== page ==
4. The length adjustable motor vehicle steering column recited in claim 3 wherein:
each of said inelastic rolling elements is disposed between a pair of said elastic rolling elements.
5. The length adjustable motor vehicle steering column recited in claim 4 wherein said means operative to suspend said inelastic rolling elements in each of said plurality of linear channels substantially out of contact with said track means on each of said first and said second mast jacket elements comprises:
a separator having a plurality of large cells loosely receiving respective ones of said elastic rolling elements and a plurality of small cells relatively tightly receiving respective ones of said inelastic rolling elements.
Description
FIELD OF THE INVENTION

This invention relates to length adjustable motor vehicle steering columns.

BACKGROUND OF THE INVENTION

A length adjustable motor vehicle steering column described in U.S. patent application Ser. No. 08/385,490, filed Feb. 8, 1995 and assigned to the assignee of this invention, includes a tubular first mast jacket element supported on a tubular second mast jacket element for telescopic linear translation by a pair of C-shaped plastic bearing rings. Lash between the first and second mast jacket elements is eliminated by a spring which thrusts the bearing rings in opposite longitudinal directions to wedged positions between a cylindrical wall of the tubular first mast jacket element and a pair of longitudinally separated frustoconical shoulders on the tubular second mast jacket element. A length adjustable motor vehicle steering column according to this invention is an alternative to the motor vehicle steering column described in the aforesaid U.S. Ser. No. 08/385,490.

SUMMARY OF THE INVENTION

This invention is a new and improved length adjustable motor vehicle steering column including a tubular first mast jacket element, a tubular second mast jacket element telescopically overlapping the first mast jacket element, a plurality of elastic rolling elements squeezed between linear tracks on the first and second mast jacket elements, a separator having a plurality of cells loosely receiving the elastic rolling elements and maintaining relative spacing therebetween, and a plurality of smaller inelastic rolling elements suspended by the separator between the linear tracks on the first and second mast jacket elements. The elastic rolling elements eliminate lash between the first and second mast jacket elements and support the first mast jacket element on the second mast jacket element for low friction relative linear translation in the direction of a longitudinal centerline of the steering column. The inelastic rolling elements define positive stops between the first and second mast jacket elements which limit deformation of the elastic rolling elements and flexure of the steering column perpendicular to the longitudinal centerline thereof. In a preferred embodiment, the elastic rolling elements are elastomeric spheres and the inelastic rolling elements are steel spheres.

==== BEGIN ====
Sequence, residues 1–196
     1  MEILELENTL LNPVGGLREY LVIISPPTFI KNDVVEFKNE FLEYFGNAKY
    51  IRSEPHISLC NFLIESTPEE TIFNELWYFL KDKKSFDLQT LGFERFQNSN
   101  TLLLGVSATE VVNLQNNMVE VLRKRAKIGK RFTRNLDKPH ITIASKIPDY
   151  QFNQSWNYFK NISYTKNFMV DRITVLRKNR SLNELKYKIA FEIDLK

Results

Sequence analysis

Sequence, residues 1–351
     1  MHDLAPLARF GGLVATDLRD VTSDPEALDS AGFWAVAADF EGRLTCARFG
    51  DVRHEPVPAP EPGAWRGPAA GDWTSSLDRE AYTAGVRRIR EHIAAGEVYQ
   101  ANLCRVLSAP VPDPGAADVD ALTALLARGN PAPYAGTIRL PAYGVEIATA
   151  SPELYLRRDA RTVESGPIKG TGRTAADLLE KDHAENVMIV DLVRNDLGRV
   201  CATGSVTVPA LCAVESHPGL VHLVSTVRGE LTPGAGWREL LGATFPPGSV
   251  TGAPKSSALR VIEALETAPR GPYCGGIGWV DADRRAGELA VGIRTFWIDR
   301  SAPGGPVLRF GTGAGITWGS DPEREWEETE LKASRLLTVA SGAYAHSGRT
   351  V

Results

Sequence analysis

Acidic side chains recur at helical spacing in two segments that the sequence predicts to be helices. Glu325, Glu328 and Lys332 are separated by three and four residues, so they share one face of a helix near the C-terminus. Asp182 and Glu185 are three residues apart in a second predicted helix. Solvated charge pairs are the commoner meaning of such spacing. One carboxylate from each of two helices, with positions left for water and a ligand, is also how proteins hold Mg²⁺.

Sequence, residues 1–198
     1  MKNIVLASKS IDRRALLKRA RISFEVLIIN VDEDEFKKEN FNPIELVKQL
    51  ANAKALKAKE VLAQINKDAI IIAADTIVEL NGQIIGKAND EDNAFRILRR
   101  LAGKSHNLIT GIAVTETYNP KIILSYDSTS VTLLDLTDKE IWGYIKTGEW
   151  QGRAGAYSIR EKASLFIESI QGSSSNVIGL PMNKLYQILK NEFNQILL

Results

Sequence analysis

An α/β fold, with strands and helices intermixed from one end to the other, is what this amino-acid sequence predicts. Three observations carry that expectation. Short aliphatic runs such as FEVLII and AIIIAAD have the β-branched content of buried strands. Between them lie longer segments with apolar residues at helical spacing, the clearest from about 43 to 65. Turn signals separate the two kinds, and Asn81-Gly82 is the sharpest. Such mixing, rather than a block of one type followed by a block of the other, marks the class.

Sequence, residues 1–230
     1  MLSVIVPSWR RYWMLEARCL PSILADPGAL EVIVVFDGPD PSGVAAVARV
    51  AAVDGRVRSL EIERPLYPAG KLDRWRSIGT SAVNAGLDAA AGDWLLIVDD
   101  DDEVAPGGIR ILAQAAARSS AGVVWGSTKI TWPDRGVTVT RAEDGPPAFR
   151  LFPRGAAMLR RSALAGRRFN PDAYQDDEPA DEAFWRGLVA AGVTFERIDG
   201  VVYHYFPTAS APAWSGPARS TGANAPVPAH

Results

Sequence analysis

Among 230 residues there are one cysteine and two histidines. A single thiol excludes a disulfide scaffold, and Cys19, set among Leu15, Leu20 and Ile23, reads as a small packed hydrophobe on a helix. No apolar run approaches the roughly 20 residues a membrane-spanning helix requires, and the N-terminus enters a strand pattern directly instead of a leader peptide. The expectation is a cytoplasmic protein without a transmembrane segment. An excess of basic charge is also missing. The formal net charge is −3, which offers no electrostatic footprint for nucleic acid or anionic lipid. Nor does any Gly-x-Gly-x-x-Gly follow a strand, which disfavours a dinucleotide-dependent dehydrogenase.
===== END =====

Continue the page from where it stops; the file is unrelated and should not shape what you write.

BRIEF DESCRIPTION OF THE DRAWINGS

FIG. 1 is a fragmentary, partially broken-away, perspective view of a length adjustable motor vehicle steering column according to this invention;

FIG. 2 is a sectional view taken generally along the plane indicated by lines 2--2 in FIG. 1;

FIG. 3 is an enlarged sectional view taken generally along the plane indicated by lines 3--3 in FIG. 2;

FIG. 4 is an enlarged view of the portion of the length adjustable motor vehicle steering column according to this invention within reference zone 4 in FIG. 1; and

FIG. 5 is similar to FIG. 2 but showing a modified embodiment of the length adjustable motor vehicle steering column according to this invention.